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Speleology in Kazakhstan

Shakalov on 04 Jul, 2018
Hello everyone!   I pleased to invite you to the official site of Central Asian Karstic-Speleological commission ("Kaspeko")   There, we regularly publish reports about our expeditions, articles and reports on speleotopics, lecture course for instructors, photos etc. ...

New publications on hypogene speleogenesis

Klimchouk on 26 Mar, 2012
Dear Colleagues, This is to draw your attention to several recent publications added to KarstBase, relevant to hypogenic karst/speleogenesis: Corrosion of limestone tablets in sulfidic ground-water: measurements and speleogenetic implications Galdenzi,

The deepest terrestrial animal

Klimchouk on 23 Feb, 2012
A recent publication of Spanish researchers describes the biology of Krubera Cave, including the deepest terrestrial animal ever found: Jordana, Rafael; Baquero, Enrique; Reboleira, Sofía and Sendra, Alberto. ...

Caves - landscapes without light

akop on 05 Feb, 2012
Exhibition dedicated to caves is taking place in the Vienna Natural History Museum   The exhibition at the Natural History Museum presents the surprising variety of caves and cave formations such as stalactites and various crystals. ...

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Featured articles from Cave & Karst Science Journals
Chemistry and Karst, White, William B.
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Karst environment, Culver D.C.
Mushroom Speleothems: Stromatolites That Formed in the Absence of Phototrophs, Bontognali, Tomaso R.R.; D’Angeli Ilenia M.; Tisato, Nicola; Vasconcelos, Crisogono; Bernasconi, Stefano M.; Gonzales, Esteban R. G.; De Waele, Jo
Calculating flux to predict future cave radon concentrations, Rowberry, Matt; Marti, Xavi; Frontera, Carlos; Van De Wiel, Marco; Briestensky, Milos
Microbial mediation of complex subterranean mineral structures, Tirato, Nicola; Torriano, Stefano F.F;, Monteux, Sylvain; Sauro, Francesco; De Waele, Jo; Lavagna, Maria Luisa; D’Angeli, Ilenia Maria; Chailloux, Daniel; Renda, Michel; Eglinton, Timothy I.; Bontognali, Tomaso Renzo Rezio
Evidence of a plate-wide tectonic pressure pulse provided by extensometric monitoring in the Balkan Mountains (Bulgaria), Briestensky, Milos; Rowberry, Matt; Stemberk, Josef; Stefanov, Petar; Vozar, Jozef; Sebela, Stanka; Petro, Lubomir; Bella, Pavel; Gaal, Ludovit; Ormukov, Cholponbek;
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Your search for hydrothermal activity (Keyword) returned 20 results for the whole karstbase:
Showing 16 to 20 of 20
HYPOGENE SPELEOGENESIS IN MAINLAND NORWAY AND SVALBARD?, 2009, Lauritzen S. E.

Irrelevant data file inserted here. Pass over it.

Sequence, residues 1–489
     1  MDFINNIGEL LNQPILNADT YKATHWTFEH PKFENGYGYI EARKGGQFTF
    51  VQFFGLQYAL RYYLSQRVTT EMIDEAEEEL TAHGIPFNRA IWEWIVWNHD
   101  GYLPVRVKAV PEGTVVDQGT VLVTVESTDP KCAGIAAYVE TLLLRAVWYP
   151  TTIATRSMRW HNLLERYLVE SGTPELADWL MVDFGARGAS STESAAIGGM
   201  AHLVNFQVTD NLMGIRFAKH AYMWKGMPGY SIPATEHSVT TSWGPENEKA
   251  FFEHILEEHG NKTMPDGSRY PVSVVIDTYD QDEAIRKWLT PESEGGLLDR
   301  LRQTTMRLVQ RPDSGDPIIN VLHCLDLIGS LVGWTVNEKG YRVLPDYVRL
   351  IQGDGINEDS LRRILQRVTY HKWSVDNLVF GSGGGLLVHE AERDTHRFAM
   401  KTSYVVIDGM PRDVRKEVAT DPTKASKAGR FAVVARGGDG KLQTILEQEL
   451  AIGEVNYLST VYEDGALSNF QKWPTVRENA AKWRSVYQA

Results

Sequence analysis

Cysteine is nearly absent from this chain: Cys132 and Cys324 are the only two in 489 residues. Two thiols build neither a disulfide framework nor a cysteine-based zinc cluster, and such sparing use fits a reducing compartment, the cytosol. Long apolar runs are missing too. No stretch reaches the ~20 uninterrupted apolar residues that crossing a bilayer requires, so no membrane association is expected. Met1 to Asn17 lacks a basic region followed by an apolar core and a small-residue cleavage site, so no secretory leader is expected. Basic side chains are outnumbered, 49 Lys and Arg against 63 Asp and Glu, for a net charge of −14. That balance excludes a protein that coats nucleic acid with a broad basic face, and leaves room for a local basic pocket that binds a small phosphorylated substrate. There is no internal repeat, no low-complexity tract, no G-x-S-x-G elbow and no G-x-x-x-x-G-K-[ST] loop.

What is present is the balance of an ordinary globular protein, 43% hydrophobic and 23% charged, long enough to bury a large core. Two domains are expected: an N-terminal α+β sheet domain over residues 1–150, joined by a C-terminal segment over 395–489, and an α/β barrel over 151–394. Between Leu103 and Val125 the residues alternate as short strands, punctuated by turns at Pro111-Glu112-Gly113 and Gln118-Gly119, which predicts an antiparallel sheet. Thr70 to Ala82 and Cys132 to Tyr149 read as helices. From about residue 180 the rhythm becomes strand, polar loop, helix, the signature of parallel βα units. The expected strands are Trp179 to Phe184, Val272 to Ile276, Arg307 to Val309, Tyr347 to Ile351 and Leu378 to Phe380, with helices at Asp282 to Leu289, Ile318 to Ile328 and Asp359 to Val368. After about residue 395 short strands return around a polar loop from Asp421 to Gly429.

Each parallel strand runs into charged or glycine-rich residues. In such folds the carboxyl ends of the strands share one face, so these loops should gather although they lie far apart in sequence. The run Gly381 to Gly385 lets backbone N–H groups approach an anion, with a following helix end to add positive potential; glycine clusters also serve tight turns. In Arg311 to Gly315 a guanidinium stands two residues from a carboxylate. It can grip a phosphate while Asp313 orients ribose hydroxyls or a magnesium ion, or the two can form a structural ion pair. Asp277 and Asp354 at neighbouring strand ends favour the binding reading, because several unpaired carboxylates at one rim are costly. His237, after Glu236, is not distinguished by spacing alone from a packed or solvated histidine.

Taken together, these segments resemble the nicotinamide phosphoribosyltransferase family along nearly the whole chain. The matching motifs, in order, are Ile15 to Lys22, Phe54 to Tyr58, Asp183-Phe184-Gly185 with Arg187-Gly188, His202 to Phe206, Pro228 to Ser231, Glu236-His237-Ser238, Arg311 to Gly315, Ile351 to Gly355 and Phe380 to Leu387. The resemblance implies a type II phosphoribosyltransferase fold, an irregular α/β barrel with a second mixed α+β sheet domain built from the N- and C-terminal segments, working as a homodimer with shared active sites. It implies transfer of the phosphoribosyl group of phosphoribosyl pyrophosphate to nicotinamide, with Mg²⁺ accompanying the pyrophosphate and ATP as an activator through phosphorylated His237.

The possibilities of hypogene speleogenesis in Norway and Svalbard are examined. The concept that hypogene speleogenesis might be a frequent precursor of ‘common’ meteoric cave development is quite new, so that evidence of it could have been overlooked in the past. The caves and karst of Svalbard (in pre-Caledonian rocks) contain clear evidence of hypogene karstification by hydrothermal fluids. Later Devonian paleokarst is preserved in the melange, together with Quaternary exo- and endokarst. This contrasts with karstification on the Norwegian mainland, where such features have not been observed. Hydrothermal activity associated with Permian rifting in the Oslo Graben may have initiated later cave inception there.


U-series dating and isotope geochemical study of the Gellrt Hill (Budapest) travertine, 2009, Kele S. , Scheuer G. , Demny A. , Shen Ch. C. , Chiang H. W.

Travertine is quite a common formation in the area of Budapest (Hungary) indicating strong hydrothermal activity during the Pliocene and Quaternary. It covers former terraces of the Danube River and older geomorphologic horizons; thus, it is an important archive to date fluvial terraces and tectonic movements. Despite numerous investigations performed on these deposits, only few radiometric data are available so far and the absence of the exact timing information hindered paleoclimatic interpretation. The area of Gellért Hill consists mainly of Upper Triassic dolomite, but Quaternary travertine can also be found. In this study a detailed petrographic and stable isotope geochemical study of four travertine sites (1. Ifjúsági Park; 2. Számadó u. (Street); 3. Kelenhegyi u. (Street); 4. Somlói u. (Street)) of the Gellért Hill area is presented, along with analyses on the recent carbonate deposits of Gellért Hill and Sárosfürdõ. The travertine of Ifjúsági Park and Számadó u. are spring cone deposits, while the travertine of the Kelenhegyi u. represents a shallow-water depositional environment. based on the paleontological studies of Jánossy (in Scheuer and Schweitzer, 1988) the Gellért Hill travertine was thought to have been formed during the Lower Pleistocene; however, no radiometric age dating had been performed on these deposits prior our study. Our U/Th analyses yielded ages of 250±44 ky for the Ifjúsági Park travertine (220 m asl) and 180±49 ky for the Számadó u. travertine (195 m asl). These new U/Th ages are in contradiction with the previously assumed Lower Pleistocene age, implying gradual relative decrease in the paleokarst water-level and proving that the elevation of the individual travertine deposits not necessarily show their relative age. The uplift rates of Gellért Hill calculated from the U/Th age data and elevation of travertine occurrences range between 0.47 and 0.52 mm/yr, which is significantly higher than the uplift rates calculated for the Rózsadomb area (0.20 0.25 mm/yr; Kele et al., submitted). The difference in the incision rates between the individual sub-areas suggests that selective uplift was characteristic for the Buda Hills during the Middle Pleistocene; thus, up-scaling reconstruction of paleokarst waterlevel for the whole area from a given locality is not possible. Oxygen isotope analyses of recent carbonate deposits of Gellért Hill, Sárosfürdõ and Rudas Spa revealed that these calcites precipitated under non-equilibrium conditions, and the measured calcitewater oxygen isotope fractionation show the same positive shift relative to "equilibrium values" as was observed in the case of the recently-forming Egerszalók travertine (Kele et al. 2008). Assuming that the water of the paleo-springs of Gellért Hill derived from precipitation infiltrated during interstadial periods of the Pleistocene and considering non-equilibrium deposition (i.e. using the empirical calcite-water oxygen isotope fractionation of Kele et al. 2008), their calculated paleotemperature could range between 22 (±4) °C and 49 (±6) °C. based on the 18Otravertine differences the Ifjúsági Park and the Számadó u. spring cone type travertine was deposited from the highest temperature water, while from the lowest temperature water the travertine of Kelenhegyi u. was formed.